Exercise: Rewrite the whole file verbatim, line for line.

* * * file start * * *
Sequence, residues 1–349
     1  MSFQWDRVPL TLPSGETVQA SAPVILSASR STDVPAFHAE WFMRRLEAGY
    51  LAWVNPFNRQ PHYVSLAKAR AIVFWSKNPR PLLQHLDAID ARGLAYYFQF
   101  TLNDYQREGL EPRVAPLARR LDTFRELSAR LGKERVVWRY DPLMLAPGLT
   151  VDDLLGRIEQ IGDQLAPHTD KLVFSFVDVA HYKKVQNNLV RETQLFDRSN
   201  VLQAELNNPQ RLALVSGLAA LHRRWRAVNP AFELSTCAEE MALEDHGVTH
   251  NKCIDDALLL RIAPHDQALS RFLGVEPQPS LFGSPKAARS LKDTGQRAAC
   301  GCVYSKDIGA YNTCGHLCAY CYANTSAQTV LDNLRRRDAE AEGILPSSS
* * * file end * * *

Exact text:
Sequence, residues 1–349
     1  MSFQWDRVPL TLPSGETVQA SAPVILSASR STDVPAFHAE WFMRRLEAGY
    51  LAWVNPFNRQ PHYVSLAKAR AIVFWSKNPR PLLQHLDAID ARGLAYYFQF
   101  TLNDYQREGL EPRVAPLARR LDTFRELSAR LGKERVVWRY DPLMLAPGLT
   151  VDDLLGRIEQ IGDQLAPHTD KLVFSFVDVA HYKKVQNNLV RETQLFDRSN
   201  VLQAELNNPQ RLALVSGLAA LHRRWRAVNP AFELSTCAEE MALEDHGVTH
   251  NKCIDDALLL RIAPHDQALS RFLGVEPQPS LFGSPKAARS LKDTGQRAAC
   301  GCVYSKDIGA YNTCGHLCAY CYANTSAQTV LDNLRRRDAE AEGILPSSS